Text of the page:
the position of the possessor is the stronger.1 Let the chief lord then claim; the exception  will belong to him.
 Against whom does it lie? It is clear that it lies against any one, male or female, a  minor or one of full age, provided that if the minor against whom it is raised is the  tenant, the inquest as to bastardy may not proceed until he is of age, because before  his full age he is no more bound to answer an exception of bastardy than an assise,  since an exception of bastardy ends the matter both in possessory and proprietary  actions, as [in the roll] of the eyre of Martin of Pateshull in the county of Kent on the  feast of St. Michael in the eleventh and the beginning of the twelfth years of king  Henry, an assise of mortdancestor [beginning] if William of Herst,2 where the assise  was brought against a guardian who said that he held nothing except in the name of  wardship with one who was under age, who was then alleged to be a bastard. But if  it is put forward by one of full age against a minor-demandant the assise may proceed,  as in the same eyre, an assise of mortdancestor [beginning] if Henry Panfurere,3 [in  which] bastardy was objected against some of the demandants, as to whom the jurors  said that they were bastards because born before marriage, and the assise of mortdancestor  proceeded in the king's court.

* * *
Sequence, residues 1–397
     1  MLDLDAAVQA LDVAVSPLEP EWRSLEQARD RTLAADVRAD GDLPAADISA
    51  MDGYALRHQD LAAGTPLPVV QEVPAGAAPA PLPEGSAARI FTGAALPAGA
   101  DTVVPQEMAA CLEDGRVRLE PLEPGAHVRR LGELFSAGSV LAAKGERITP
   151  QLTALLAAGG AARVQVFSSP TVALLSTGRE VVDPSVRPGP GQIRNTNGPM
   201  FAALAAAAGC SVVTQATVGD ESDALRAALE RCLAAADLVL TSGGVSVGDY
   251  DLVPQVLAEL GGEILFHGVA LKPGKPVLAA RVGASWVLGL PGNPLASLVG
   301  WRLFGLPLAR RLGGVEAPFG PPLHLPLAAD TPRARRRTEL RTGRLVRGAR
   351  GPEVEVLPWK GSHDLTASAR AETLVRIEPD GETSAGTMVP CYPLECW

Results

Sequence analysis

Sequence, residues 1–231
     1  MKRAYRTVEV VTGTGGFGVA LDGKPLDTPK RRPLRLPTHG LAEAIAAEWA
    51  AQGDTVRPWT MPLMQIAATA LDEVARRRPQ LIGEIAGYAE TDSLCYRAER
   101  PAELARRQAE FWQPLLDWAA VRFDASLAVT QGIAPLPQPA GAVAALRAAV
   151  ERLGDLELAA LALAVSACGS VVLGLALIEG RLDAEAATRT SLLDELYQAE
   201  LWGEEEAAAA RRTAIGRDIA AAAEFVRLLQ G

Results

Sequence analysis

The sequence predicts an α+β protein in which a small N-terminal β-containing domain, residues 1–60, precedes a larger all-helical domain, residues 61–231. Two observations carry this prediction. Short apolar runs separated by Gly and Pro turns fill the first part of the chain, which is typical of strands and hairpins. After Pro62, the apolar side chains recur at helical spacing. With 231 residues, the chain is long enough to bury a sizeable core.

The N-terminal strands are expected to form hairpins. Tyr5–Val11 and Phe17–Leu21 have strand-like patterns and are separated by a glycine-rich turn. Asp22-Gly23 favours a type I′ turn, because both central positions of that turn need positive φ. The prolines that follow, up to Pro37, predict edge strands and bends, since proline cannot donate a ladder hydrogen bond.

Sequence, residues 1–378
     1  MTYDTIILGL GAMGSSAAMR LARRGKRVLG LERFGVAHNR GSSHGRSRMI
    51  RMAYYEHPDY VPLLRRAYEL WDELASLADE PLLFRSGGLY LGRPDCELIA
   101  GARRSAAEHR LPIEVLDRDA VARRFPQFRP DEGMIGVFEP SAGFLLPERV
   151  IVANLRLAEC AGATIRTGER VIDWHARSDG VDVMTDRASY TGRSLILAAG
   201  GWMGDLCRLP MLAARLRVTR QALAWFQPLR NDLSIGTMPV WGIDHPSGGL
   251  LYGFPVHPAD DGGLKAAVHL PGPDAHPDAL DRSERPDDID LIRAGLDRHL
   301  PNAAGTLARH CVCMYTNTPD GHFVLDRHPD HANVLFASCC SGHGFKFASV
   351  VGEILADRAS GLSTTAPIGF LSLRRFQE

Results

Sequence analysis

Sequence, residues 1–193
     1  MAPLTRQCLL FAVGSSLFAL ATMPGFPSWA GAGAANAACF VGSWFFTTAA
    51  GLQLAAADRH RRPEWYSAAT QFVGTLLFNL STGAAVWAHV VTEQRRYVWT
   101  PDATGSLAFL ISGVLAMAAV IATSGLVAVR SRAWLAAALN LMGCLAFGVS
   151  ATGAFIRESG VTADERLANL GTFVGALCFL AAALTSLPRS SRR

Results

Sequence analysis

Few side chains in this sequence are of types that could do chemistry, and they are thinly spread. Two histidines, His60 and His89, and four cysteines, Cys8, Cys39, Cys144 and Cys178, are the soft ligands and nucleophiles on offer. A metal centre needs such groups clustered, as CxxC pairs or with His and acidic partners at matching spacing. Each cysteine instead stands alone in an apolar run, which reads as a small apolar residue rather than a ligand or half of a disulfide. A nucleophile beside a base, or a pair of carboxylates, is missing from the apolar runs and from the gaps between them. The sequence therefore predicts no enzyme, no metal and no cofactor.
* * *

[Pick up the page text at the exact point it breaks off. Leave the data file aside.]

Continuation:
Between what persons.
 The exception of bastardy does not lie in a possessory action, [in a plea of cosinage  no more than in an assise of mortdancestor, for ubi eadem ratio ibi idem jus,] between  kinsmen, only between strangers. Between such persons the question is one  of right and not possession, if it is an inheritance descending from a common  stock, [and] if this exception should be good between them the proprietas could be  determined in a possessory plea,4 though it could be objected that a bastard is a  stranger with respect to the true heir.5 Nevertheless that exception does not lie  between them, no more than does the assise, because it is not yet clear that he  against whom bastardy is objected may not prove himself legitimate.6
When it has been raised, with the reason, proof must follow.
 Though bastardy has been objected, with the reason specified, it is of no value unless  it is proved. 7When the tenant says that the demandant is a bastard and the demandant  replicates that he is legitimate, or conversely, we must see upon